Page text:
I am trying to solve this problem

Consider the following one-dim. stochastic process
$$dX_t = b_t dt + \sigma_t dW_t$$ where $W$ is a one-dim. Brownian motion. The above SDE is well-defined. Consider a smooth and bounded function $g$, and put $$ Z_t := \exp(\int_0^t g(s,X_t)ds).$$ Calculate the stochastic differential $dZ$.

My answer:
Put $Y_t = \int_0^t g(s,X_t)ds$ . Then, it follow that $Z_t=e^{Y_t}$ , and from Ito formula, I have
$$dZ_t = Z_t(dY_t + \frac{1}{2}(dY_t)^2).$$ Thus, I want to know the stochastic differential $dY$.
If I can say that $$dY_t=g(t,X_t)dt$$ then, $$dZ_t = Z_t \bigl(g(t,X_t)dt + \frac{1}{2}(g(t,X_t)dt)^2 \bigl)$$ $$\Leftrightarrow dZ_t = Z_t g(t,X_t)dt .$$ follows.

My question: I am not sure if I can say that $$dY_t=g(t,X_t)dt.$$ I suspect that my answer is too simple to be true. Where did I make a mistake?

  • $\begingroup$ I am also not so sure you can say $dY_t=g(t,X_t)dt.$. In order to get Y differential I would define $f(t,x) =\int_0^t g(s,x)ds$ and then compute $f(t,X_t)$ through Ito Lemma. $\endgroup$
    – loxol
    May 25, 2019 at 14:23
  • $\begingroup$ @loxol I also guess that I need Ito formula to calculate $ dY $. <br> However, I have no idea how I can compute $ f(t,x) = \int_0^t g(s,x)ds $ through Ito formula. What is $ \frac{\partial}{\partial t} \int_0^t g(s,x)ds $ and $ \frac{\partial}{\partial x} \int_0^t g(s,x)ds $? $\endgroup$
    – David Khan
    May 26, 2019 at 6:05

1 Answer 1


In your notation, $$ dY_t = g(t,X_t) dt + \int_0^t dg(s,X_t) ds $$ where $$ dg(s, X_t) = \partial_{X_t} g(s,X_t) dX_t + \frac{1}{2} \partial^2_{X_t} g(s,X_t) (dX_t)^2 $$ The rest seems ok.

  • $\begingroup$ Can you elaborate why the first equality holds? Does it use Ito lemmma as loxol pointed out? Seemingly, the second equation used Ito lemma. But why isn't partial derivative w.r.t. $t$ included? $X_t$ is a function of $t$, isn't it? $\endgroup$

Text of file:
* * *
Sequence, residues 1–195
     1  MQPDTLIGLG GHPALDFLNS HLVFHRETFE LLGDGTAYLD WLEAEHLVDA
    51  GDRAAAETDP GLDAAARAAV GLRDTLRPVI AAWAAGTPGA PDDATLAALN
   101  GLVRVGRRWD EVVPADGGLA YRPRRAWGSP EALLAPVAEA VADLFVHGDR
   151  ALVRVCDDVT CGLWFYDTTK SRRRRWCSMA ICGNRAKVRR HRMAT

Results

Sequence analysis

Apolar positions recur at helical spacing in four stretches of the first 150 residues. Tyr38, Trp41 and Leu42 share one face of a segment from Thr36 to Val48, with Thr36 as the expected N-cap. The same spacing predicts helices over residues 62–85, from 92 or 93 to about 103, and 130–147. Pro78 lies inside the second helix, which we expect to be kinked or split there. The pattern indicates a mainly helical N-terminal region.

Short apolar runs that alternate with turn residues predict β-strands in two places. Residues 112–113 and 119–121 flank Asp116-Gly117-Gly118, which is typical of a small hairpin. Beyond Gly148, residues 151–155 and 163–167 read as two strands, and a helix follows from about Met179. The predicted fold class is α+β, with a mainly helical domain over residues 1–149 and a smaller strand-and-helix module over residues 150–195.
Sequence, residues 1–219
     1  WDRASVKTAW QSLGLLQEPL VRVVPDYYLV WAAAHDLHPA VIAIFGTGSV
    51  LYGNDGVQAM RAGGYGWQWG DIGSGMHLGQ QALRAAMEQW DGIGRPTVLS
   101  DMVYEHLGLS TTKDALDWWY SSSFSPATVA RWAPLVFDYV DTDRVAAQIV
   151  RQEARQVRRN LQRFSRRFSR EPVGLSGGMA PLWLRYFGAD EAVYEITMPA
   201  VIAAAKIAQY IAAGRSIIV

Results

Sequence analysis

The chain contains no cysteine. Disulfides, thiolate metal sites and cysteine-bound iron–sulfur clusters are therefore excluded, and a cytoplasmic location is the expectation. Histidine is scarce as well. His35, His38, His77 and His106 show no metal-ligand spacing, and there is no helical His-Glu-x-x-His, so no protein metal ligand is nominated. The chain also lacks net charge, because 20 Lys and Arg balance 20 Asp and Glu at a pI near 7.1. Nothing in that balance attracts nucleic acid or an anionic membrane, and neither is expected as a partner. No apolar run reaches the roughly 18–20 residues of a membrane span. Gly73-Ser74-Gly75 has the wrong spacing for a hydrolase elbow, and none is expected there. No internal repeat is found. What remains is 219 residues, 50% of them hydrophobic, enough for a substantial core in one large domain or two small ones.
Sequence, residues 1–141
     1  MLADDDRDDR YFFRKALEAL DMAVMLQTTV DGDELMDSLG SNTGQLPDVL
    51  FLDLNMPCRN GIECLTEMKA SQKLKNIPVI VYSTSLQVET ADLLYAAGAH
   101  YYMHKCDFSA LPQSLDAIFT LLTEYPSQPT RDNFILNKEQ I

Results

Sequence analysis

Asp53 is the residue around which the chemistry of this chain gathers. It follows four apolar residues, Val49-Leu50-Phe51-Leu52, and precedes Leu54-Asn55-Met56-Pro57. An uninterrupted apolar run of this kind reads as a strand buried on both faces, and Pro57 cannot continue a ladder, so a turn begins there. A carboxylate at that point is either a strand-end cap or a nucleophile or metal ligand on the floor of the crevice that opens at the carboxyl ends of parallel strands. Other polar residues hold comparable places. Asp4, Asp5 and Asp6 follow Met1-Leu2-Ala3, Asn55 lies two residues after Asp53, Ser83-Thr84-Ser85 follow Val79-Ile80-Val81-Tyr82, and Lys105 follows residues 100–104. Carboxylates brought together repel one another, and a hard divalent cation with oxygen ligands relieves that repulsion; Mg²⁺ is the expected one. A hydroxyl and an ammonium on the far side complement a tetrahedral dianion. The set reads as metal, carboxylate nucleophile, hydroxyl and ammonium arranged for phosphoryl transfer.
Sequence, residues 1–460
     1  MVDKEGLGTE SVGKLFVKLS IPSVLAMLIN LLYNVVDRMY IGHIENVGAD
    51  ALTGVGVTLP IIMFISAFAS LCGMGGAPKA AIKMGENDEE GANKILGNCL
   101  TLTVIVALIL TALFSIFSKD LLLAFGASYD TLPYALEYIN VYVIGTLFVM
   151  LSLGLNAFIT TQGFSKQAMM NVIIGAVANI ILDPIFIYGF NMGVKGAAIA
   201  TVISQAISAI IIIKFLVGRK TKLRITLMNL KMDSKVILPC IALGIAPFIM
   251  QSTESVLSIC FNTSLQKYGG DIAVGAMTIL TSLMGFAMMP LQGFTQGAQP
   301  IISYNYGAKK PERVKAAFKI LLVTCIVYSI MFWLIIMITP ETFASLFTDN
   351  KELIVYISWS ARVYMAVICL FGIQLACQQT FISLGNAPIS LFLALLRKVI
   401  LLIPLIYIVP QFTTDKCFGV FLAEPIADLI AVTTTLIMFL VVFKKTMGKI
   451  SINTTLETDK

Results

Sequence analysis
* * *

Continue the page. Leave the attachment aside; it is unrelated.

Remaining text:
– David Khan
    May 26, 2019 at 6:13
  • $\begingroup$ Well, if you write $X_t$ in the integrand, and not $X_s$, then if you differentiate with respect to $t$ you will also need to differentiate $X_t$. It's like normal calculus, except since $X_t$ is stochastic you take the Ito differential. $\endgroup$
    – user34971
    May 26, 2019 at 8:07
  • $\begingroup$ I understand it, thanks. Let me ask one more thing on calculation. If I put $dX_t = b_tdt + \sigma_t W_t$ into $dg(s,X_t)$, then I have something like $\int_0^t (\partial_{X_t}g(s,X_t)b_tdt) dt $ and so on. Can I say that this is equivalent to $b_tdt\int_0^t (\partial_{X_t}g(s,X_t)) dt$? If this is true, then by Ito rule $\bigl((dt)^2=0\bigl)$, I hope I could get relatively neat result on $dZ$. $\endgroup$
    – David Khan
    May 26, 2019 at 9:44
  • $\begingroup$ You don't have $(dt)^2$ because the integral is over $ds$ from $0$ to $t$, and not over $dt$. $\endgroup$
    – user34971
    May 26, 2019 at 11:55
  • $\begingroup$ Sorry for my abbreviation. I'm not sure if my intention is understood. What I wanted to say is this: $dY_t = g(t,X_t)dt + \int_0^t(\partial_{X_t}g(s,X_t) dX_t + \frac{1}{2} \partial^2_{X_t} g(s,X_t)(dX_t)^2)ds$ = $...+\int_0^t(\partial_{X_t} g(s,X_t)(dX_t)ds+... $= $...+\int_0^t(\partial_{X_t} g(s,X_t) (b_tdt+\sigma_t dW_t)ds+...$= $...+\int_0^t\partial_{X_t} g(s,X_t) b_tdtds+... $ holds. And, $(dY_t)^2=...+(\int_0^t\partial_{X_t} g(s,X_t) b_tdtds)^2+... $ follows. $\endgroup$
    – David Khan
    May 27, 2019 at 9:32

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